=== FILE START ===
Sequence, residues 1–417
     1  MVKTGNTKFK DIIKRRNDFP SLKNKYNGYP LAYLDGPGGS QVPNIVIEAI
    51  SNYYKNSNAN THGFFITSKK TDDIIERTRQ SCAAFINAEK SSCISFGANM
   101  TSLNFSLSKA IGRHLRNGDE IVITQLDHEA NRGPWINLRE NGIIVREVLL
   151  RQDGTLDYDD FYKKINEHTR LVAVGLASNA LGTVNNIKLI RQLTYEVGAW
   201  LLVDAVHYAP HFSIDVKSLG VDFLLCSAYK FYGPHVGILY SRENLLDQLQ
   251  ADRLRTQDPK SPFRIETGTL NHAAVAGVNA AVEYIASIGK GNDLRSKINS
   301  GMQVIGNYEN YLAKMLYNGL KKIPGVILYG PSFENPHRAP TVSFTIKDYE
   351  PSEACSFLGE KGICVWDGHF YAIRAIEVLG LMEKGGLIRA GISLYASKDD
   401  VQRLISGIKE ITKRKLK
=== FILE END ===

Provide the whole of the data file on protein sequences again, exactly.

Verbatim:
Sequence, residues 1–417
     1  MVKTGNTKFK DIIKRRNDFP SLKNKYNGYP LAYLDGPGGS QVPNIVIEAI
    51  SNYYKNSNAN THGFFITSKK TDDIIERTRQ SCAAFINAEK SSCISFGANM
   101  TSLNFSLSKA IGRHLRNGDE IVITQLDHEA NRGPWINLRE NGIIVREVLL
   151  RQDGTLDYDD FYKKINEHTR LVAVGLASNA LGTVNNIKLI RQLTYEVGAW
   201  LLVDAVHYAP HFSIDVKSLG VDFLLCSAYK FYGPHVGILY SRENLLDQLQ
   251  ADRLRTQDPK SPFRIETGTL NHAAVAGVNA AVEYIASIGK GNDLRSKINS
   301  GMQVIGNYEN YLAKMLYNGL KKIPGVILYG PSFENPHRAP TVSFTIKDYE
   351  PSEACSFLGE KGICVWDGHF YAIRAIEVLG LMEKGGLIRA GISLYASKDD
   401  VQRLISGIKE ITKRKLK